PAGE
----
When personal trainer Kirk Myers moved to New York City in 2010 at age 32, he was starting from scratch.
Over the course of three years, Myers gradually built up his clientele through word of mouth: "I had two clients, then four clients, then eight clients, then 16 clients."
He even landed Hugh Jackman. "It was a referral through two clients I was training," says Myers. "They knew his bodyguard. ... And so they introduced me and I trained them one time and they liked it, so then they kept booking sessions."
Here's Myers training the actor:
His client base got so big that local gyms started kicking him out. Myers realized he needed to open his own place. At this point, "I was able to afford living in New York and a little bit of cushion," he tells Make It, but he didn't have the money to open a gym.
"So I started raising capital. I asked clients if they wanted to invest in the gym. I came up with a business model."
Myers raised more than $1.5 million, enough to start The Dogpound. Doors officially opened in early 2016.
Today, The Dogpound serves about 300 clients. It's a star-studded list: Members include Victoria's Secret models, celebrities like Ryan Seacrest and professional athletes like Conor Dwyer. You have to know an existing client to join — and to get off the 100-person wait list.
I stopped by to meet Myers, check out the exclusive gym and work up a sweat myself.
Since Myers caters his training sessions to the individual client, no workout is the exact same. But if you're training at The Dogpound, you can expect two things: A full-body workout that engages the core, legs and arms, and a lot of burpees.
While the most effective exercise "depends on the person you are training and what their goal is," Myers emphasizes, generally speaking, you're going to get the most bang for your buck with burpees. "It spikes your heart rate up and works your full body."
Make exercise a priority, no matter how busy you are, says Myers: "Everyone has time. … You take a shower every day, so it's the same type of thing."
"It's not so much about being effective in 20 minutes," he adds. "It's more about consistency."
It'll be easier to incorporate exercise into your routine if you're doing something you actually enjoy, says Myers: "If it's running, then go with that. If it's walking, go with that. If it's lifting weights, go with that. One of the keys is finding something that you love. You're more likely to do it consistently."
While working out regularly is part of the equation to staying in shape, it's not everything. In fact, "diet is probably 70 percent of it," says Myers.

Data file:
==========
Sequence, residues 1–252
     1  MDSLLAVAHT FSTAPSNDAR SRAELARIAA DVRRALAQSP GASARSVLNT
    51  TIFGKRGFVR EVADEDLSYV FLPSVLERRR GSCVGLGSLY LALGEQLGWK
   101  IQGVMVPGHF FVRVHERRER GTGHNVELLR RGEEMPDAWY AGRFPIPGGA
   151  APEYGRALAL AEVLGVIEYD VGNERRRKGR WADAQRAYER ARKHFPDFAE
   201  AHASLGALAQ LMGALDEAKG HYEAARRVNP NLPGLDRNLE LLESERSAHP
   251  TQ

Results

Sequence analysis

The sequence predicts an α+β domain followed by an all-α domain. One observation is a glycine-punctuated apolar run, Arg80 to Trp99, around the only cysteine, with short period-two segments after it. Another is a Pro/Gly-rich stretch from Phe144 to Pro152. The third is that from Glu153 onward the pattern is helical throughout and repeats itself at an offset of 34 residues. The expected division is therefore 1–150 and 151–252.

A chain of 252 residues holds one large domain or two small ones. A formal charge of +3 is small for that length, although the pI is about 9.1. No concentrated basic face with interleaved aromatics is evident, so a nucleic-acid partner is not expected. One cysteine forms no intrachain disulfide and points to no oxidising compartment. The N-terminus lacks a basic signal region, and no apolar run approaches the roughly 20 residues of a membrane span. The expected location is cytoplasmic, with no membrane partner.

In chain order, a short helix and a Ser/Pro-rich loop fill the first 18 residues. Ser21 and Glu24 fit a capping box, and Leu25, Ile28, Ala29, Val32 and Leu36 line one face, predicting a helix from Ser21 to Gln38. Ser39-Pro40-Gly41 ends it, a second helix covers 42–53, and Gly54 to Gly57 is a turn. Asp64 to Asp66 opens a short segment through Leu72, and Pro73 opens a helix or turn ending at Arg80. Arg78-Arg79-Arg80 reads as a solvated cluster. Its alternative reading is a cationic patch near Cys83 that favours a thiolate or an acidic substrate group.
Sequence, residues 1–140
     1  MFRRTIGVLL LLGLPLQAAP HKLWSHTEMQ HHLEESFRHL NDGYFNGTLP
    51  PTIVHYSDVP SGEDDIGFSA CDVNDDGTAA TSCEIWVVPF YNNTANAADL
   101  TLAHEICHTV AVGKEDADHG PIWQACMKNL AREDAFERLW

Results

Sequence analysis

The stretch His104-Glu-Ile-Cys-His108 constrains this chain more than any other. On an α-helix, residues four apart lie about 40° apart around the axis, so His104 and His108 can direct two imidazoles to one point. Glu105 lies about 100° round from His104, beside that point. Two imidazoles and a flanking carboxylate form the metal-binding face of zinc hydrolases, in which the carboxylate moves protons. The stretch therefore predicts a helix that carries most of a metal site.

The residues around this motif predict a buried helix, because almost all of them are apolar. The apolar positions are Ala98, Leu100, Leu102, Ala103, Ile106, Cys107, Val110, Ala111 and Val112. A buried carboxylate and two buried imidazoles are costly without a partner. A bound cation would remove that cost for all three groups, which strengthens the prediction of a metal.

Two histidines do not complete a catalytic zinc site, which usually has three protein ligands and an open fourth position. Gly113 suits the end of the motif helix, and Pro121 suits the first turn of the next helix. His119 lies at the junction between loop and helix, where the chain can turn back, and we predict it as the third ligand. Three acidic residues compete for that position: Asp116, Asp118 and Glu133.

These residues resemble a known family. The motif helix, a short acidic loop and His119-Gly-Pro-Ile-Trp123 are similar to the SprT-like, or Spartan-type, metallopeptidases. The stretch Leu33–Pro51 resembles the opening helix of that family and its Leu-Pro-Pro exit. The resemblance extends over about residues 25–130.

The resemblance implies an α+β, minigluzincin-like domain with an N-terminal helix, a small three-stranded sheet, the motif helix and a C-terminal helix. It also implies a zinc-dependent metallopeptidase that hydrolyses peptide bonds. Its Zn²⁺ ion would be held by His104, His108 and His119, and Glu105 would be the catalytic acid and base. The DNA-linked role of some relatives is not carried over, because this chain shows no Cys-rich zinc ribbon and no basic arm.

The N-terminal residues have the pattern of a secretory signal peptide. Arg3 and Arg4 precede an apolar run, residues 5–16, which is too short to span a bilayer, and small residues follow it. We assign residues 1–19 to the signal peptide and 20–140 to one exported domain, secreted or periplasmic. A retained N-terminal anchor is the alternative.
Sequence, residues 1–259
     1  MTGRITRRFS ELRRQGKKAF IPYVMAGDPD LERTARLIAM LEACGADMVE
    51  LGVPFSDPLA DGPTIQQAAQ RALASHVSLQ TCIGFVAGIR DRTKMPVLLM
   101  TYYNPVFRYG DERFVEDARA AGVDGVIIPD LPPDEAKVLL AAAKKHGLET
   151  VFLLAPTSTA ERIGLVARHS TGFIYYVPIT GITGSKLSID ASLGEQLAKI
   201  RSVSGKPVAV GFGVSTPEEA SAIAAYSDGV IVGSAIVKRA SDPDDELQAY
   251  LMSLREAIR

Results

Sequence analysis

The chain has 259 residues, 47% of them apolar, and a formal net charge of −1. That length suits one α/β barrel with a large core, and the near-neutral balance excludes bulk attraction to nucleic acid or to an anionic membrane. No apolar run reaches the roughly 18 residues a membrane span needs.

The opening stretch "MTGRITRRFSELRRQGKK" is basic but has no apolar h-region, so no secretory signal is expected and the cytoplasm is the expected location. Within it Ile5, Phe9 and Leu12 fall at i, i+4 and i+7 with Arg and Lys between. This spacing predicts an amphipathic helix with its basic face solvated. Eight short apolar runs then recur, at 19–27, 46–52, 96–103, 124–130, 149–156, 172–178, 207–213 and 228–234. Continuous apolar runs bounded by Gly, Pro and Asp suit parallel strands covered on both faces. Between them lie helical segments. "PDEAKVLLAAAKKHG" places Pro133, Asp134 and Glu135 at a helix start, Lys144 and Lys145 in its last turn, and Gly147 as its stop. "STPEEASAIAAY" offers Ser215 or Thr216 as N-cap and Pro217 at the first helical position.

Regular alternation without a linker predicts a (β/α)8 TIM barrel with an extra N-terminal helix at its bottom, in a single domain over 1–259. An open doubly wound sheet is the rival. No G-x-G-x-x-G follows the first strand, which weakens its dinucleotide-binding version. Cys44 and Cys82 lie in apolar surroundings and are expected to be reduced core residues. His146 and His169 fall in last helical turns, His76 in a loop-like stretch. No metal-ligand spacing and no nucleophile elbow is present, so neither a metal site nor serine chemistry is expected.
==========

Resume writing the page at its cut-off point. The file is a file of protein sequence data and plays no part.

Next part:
Unlike most gyms, you don't pay for a membership and work out on your own or sign up for group classes. At The Dogpound, it's all one-on-one, personalized training.
A 60-minute private session costs $200 but, if you're working out with Myers, it'll cost you five times that amount.
"I made my personal rate really high. … I looked at who was the highest-paid trainer and I made mine higher," he tells Make It. That meant bumping his price up to $1,000 an hour.
It's "outrageous, a little bit," says Myers, whose rate was $40 an hour when he first started training 17 years ago, "but it's more of a marketing thing." Plus, "I watch a lot of motivational videos … and a part of it is seeing yourself worth that much."
While Myers charges up to $1,000, here are the standard rates and packages for 60-minute sessions at The Dogpound.
Single session: $200
12 sessions: $2,280
24 sessions: $4,200
50 sessions: $7,500
Semi-private sessions: $125 per person
I can't leave The Dogpound without getting in a workout with the celebrity trainer. I tell Myers that I'm a runner and mostly do cardio, but I want to incorporate more strength training into my routine. I also tell him not to hold back.
He takes me through a high-intensity style workout. As promised, there are burpees right away — but these aren't your typical burpees: They involve a Bosu ball with a knee-to-elbow movement.
Also as promised, it's a full body workout. Medicine ball squats wear out my legs.
The ski machine (not pictured) and rope work my arms.
My core is engaged the entire time, and that's on purpose, Myers tells me.
At one point, I hop on what's called an "assault bike" and have to burn 10 calories as fast as possible. It only takes 30 seconds but it's harder than any marathon I've ever run.
We end with the tire flip. It looks fun, but it isn't easy.
Miraculously, I manage to flip the 160-pound tire. Even Myers calls it "impressive."
I experience a new degree of muscle fatigue the next day. It's a good kind of sore, the kind that makes you want to come back for more. While I won't have room for $1,000-an-hour training sessions in my budget anytime soon, I can make room for more burpees in my future workouts.
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